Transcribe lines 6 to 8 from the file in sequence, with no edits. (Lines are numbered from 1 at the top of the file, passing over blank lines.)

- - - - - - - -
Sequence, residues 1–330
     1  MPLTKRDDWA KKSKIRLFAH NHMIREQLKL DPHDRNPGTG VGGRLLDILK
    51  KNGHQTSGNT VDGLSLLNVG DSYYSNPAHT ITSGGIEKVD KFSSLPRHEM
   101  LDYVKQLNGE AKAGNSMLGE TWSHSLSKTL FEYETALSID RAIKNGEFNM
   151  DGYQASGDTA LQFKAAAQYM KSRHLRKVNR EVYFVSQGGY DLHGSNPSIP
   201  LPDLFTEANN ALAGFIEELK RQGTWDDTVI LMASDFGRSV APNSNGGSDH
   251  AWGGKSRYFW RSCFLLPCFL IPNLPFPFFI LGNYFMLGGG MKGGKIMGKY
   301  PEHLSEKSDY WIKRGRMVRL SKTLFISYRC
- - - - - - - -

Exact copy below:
   201  LPDLFTEANN ALAGFIEELK RQGTWDDTVI LMASDFGRSV APNSNGGSDH
   251  AWGGKSRYFW RSCFLLPCFL IPNLPFPFFI LGNYFMLGGG MKGGKIMGKY
   301  PEHLSEKSDY WIKRGRMVRL SKTLFISYRC